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Naim 2009 Microsatellite loci in the common dormouse

Title: Isolation and characterisation of 10 microsatellite loci in the common dormouse Muscardinus avellanarius.  Molecular Ecology Resources, 2009

Author: D.M.D. Naim, S.J. Kemp, S. Telfer & P.Watts

Country: England

Background to study

In Britain, the widespread loss of native woodland has caused a dramatic decline in the common dormouse and the species is now threatened by isolation and habitat fragmentation.  Microsatellites are a useful tool for determining the genetic variation and dispersal between populations.


  • Genetic samples were obtained from tail clips of 3 dormice that died of natural causes and DNA was extracted using a high salt method, enriched and purified using a standard kit.
  • Microsatellite loci, which are short repeat motifs within non-coding regions of DNA, were identified and those which showed a high variation between individuals were retained.
  • The unique flanking regions located before and after the microsatellite loci and are consistent for the species were identified and developed into ‘primers’ allowing the DNA of dormice to be amplified at the region of interest to enable genetic differences and similarities between individuals and populations to be obtained.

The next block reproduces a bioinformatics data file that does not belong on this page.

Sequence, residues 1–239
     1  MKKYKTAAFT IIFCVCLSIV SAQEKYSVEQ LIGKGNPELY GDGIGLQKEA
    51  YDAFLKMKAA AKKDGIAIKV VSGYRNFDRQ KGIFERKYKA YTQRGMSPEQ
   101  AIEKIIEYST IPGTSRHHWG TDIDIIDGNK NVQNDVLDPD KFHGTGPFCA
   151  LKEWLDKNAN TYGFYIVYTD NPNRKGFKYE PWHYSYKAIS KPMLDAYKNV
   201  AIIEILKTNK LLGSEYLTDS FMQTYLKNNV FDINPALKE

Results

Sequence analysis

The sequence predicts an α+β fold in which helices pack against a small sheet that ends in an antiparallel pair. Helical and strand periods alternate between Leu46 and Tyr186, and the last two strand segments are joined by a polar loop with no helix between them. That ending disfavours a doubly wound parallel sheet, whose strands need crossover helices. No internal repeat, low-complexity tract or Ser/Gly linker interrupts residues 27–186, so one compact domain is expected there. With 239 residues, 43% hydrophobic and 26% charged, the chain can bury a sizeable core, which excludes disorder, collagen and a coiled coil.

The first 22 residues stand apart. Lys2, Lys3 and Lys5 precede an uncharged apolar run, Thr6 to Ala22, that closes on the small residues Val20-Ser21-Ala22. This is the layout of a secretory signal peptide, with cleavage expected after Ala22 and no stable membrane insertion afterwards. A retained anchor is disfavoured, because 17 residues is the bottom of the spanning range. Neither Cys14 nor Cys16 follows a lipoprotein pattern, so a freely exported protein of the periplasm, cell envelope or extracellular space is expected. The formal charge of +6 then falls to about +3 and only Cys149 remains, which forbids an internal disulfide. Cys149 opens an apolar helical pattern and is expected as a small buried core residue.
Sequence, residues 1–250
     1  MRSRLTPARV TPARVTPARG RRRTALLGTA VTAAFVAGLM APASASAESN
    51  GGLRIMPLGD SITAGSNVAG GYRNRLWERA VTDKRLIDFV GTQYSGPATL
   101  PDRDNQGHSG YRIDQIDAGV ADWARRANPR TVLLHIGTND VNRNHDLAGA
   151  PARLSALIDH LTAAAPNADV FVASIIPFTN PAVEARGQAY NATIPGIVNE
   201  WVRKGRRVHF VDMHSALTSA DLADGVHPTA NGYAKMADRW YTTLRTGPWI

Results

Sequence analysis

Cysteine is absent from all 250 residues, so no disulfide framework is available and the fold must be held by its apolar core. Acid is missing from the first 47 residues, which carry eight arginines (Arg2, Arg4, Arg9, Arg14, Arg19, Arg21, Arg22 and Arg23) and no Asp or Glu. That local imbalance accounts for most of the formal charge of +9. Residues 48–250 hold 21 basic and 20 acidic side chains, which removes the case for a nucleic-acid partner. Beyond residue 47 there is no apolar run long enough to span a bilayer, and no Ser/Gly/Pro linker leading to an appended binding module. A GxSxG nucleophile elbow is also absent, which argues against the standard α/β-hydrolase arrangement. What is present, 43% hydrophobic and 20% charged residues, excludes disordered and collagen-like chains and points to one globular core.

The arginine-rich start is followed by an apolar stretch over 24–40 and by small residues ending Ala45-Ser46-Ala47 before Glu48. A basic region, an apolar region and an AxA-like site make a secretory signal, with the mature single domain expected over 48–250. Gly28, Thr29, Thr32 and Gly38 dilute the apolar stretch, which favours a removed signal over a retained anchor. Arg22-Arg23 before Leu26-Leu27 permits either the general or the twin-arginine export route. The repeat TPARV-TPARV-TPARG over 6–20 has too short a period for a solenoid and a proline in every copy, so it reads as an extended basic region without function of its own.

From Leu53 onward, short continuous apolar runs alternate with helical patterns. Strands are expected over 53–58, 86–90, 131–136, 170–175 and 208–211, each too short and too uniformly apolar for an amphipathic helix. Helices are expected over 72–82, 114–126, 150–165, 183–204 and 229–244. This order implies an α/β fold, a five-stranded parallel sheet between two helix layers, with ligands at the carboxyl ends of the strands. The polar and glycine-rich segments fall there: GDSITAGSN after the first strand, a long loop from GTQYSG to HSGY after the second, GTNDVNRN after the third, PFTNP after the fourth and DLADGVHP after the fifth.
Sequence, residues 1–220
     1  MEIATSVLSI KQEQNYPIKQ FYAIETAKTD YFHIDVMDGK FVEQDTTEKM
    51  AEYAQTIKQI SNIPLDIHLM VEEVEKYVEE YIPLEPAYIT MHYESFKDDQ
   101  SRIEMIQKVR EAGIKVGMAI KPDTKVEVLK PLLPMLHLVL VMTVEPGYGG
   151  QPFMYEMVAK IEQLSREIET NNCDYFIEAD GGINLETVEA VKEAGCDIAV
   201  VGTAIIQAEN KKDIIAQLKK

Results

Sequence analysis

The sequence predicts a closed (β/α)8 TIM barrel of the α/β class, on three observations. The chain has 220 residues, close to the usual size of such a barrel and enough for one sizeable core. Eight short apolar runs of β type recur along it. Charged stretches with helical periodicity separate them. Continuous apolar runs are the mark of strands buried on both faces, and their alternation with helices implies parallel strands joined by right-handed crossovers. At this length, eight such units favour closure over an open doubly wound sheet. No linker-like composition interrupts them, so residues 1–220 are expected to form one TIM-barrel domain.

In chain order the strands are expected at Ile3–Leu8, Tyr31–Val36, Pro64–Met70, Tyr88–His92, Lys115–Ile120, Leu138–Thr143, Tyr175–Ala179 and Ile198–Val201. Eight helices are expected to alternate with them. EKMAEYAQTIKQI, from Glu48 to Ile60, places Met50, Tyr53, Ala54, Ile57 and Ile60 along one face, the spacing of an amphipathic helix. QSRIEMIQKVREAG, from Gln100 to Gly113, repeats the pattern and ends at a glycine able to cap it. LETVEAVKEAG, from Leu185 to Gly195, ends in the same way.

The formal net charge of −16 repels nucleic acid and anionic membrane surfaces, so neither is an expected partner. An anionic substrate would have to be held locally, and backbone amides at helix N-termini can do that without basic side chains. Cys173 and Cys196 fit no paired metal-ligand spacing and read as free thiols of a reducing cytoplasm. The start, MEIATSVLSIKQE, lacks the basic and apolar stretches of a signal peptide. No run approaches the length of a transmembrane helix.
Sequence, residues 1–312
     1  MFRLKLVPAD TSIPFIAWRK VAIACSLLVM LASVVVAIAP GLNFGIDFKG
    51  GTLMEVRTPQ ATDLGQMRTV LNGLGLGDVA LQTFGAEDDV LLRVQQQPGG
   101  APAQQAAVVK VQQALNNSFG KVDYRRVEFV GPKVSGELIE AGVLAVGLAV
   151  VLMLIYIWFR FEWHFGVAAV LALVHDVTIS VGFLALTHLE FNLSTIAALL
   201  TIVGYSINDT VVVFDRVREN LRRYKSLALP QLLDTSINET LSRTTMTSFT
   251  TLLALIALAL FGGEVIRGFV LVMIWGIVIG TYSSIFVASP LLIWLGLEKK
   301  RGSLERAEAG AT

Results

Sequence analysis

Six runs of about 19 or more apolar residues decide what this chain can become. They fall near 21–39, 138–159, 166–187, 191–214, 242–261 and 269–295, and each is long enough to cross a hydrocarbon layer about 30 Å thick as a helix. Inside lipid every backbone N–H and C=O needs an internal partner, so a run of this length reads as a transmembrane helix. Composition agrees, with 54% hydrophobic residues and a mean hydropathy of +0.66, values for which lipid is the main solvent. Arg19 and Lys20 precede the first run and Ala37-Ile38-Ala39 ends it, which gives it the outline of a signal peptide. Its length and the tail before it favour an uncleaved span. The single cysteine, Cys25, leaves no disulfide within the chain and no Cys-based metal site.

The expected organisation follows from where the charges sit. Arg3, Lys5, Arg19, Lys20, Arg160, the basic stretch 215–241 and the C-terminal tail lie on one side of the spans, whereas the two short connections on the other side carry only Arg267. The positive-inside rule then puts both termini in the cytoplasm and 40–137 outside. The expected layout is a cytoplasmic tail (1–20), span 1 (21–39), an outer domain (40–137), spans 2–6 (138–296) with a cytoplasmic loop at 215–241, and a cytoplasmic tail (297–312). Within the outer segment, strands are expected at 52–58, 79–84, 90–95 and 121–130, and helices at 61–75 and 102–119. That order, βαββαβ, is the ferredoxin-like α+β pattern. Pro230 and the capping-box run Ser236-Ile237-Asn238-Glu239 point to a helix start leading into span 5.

Key results

  • 10 microsatellite loci were identified as variable to enable genetic structuring of dormouse populations to be established.
  • The mean observed and expected diversity (if populations were randomly mating) was calculated for each microsatellite loci. Results indicated that approximately 70% of individuals had two different alleles showing the inheritance of distinct genes from both parents and subsequent diversity.  There was no statistical difference between the expected and observed diversity suggesting, for the purpose of primer design, all 10 primers performed adequately to detect the population structure of dormice.

Key messages to landowners and managers derived from these results

  • The development of microsatellite markers for dormice is a useful tool for establishing if populations are small, spatially isolated, dispersing or inbreeding and can establish genetically distinct populations which may be locally adapted to their environment. Advice can be provided from organisations such as the Peoples Trust for Endangered Species if genetic research may be beneficial locally and regionally.

Key words/phrases

Dormice; Muscardinus avellanarius; microsatellites; genetic diversity; dispersal

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